Cancers are often highly heterogeneous with many different subtypes. These subtypes confer different outcomes including prognosis, response to treatments, recurrence, and metastasis. In addition, these subtypes are often associated with different genetic mutations, epigenetic events, gene expression profiles, molecular signatures, tissue and organ morphologies, and clinical phenotypes. Effective treatment requires a personalized characterization of genetic, molecular, and clinical biomarkers. Integrative genomics, where multiple data modalities are used to jointly stratify the patients into subtypes, holds the clear promise for enhancing the prediction of differential clinical outcomes and enabling personalized treatment schemes. Our primary goal is to develop an informatics platform enabling the discovery of integrative biomarkers (including multiple phenotypic and genomic data sources) that can effectively stratify patients into subtypes. Specifically we focus on integrating histological image data with other data modalities. Histological image data obtained from tumor samples provide critical information regarding the organizational and morphological features of the tumor which are used by pathologists to make diagnoses such as grading and staging. In addition, these cellular level morphological features are manifestations of molecular events and genomic characteristics of the cells, which are measured in genomic data. Therefor morphological features provide an important bridge between the clinical phenotypes and genomics data. However, the wide adoption of imaging data in cancer studies is challenged by the large data size and complex algorithms. To address this, we propose to develop an informatics system which enables integrative genomics with a focus on imaging genomics. The resulting software will be open source and freely available to research communities. We plan to achieve our goals via three specific aims. First, we will develop software libraries for integrating genomic data, histological images, and clinical data for cancer biomarker discovery and subtyping. Second, we will integrate the imaging analysis and data integration algorithms as well as data visualization tools into a high throughput data management system previously developed at OSU such that the biomedical researchers and clinicians can retrieve data and carry out such analysis without the need for repeatedly implementing complex systems. Finally, we will test the software by applying it on multiple different cancer studies for further evaluation. The system will be designed based on principles of open source software and will be disseminated to the research communities freely.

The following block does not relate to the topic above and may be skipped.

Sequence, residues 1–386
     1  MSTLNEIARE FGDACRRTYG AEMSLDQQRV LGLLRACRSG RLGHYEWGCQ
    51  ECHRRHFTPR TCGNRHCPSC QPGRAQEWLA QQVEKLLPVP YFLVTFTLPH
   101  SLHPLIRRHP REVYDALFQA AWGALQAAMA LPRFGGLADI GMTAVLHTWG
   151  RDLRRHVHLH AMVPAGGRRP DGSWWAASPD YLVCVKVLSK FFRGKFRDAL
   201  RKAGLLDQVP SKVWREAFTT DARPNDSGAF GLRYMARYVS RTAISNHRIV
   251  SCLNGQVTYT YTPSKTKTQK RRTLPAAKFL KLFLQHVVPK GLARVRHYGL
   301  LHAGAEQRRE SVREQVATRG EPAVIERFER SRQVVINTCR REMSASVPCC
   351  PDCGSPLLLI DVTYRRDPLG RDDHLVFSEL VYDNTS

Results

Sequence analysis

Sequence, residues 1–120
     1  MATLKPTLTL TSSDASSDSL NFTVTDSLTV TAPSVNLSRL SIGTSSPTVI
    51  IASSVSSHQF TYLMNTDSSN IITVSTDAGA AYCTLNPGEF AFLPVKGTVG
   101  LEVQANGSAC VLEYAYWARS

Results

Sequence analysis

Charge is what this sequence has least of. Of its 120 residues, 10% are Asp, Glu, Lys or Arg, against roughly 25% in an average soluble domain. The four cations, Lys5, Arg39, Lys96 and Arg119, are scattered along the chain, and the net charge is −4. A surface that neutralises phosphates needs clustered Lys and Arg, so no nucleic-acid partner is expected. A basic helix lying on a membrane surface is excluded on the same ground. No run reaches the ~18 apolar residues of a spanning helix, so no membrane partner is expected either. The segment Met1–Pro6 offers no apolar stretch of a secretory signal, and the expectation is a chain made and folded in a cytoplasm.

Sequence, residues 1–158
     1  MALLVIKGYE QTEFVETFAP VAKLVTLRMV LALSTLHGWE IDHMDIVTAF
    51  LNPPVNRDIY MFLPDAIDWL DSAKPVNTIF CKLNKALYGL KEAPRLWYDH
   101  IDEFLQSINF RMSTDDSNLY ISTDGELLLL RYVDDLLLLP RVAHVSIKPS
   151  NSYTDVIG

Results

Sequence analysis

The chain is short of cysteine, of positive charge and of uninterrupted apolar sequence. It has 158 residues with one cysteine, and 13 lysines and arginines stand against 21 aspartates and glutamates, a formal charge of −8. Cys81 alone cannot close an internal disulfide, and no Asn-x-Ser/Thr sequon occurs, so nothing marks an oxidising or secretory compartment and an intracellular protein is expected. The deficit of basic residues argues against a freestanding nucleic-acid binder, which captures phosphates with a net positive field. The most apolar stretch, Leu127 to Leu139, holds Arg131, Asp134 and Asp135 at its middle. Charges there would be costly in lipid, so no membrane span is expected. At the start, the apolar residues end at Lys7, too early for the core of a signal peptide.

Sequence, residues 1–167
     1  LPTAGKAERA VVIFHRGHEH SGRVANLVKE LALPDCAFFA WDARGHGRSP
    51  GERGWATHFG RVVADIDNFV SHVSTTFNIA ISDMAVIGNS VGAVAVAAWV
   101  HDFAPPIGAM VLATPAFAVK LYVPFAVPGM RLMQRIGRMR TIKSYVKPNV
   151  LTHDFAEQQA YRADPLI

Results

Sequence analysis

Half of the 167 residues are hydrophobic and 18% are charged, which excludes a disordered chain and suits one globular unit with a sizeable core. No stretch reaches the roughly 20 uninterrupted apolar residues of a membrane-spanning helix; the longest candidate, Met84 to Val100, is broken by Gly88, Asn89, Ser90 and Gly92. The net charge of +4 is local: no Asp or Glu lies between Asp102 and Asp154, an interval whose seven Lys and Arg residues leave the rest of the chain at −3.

Public Health Relevance

Integrative genomics is a new and emerging approach for studying cancer by integrating data obtained from all modalities including genomics, molecular, imaging, and the clinic. While it has been demonstrated that integrative genomics can lead to new discoveries in cancer subtyping and patient stratification, it is computationally challenging to carry out such studies. In this project, we propose to develop a novel set of software tools that will enable researchers and clinicians to integrate a collection of data. Such tools are likel to foster the development of personalized treatment schemes for cancer patients. This software will be applied to multiple cancer studies.

National Institute of Health (NIH)
National Cancer Institute (NCI)
Research Project--Cooperative Agreements (U01)
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Special Emphasis Panel (ZCA1)
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Ganguly, Aniruddha
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Ohio State University
Schools of Medicine
United States
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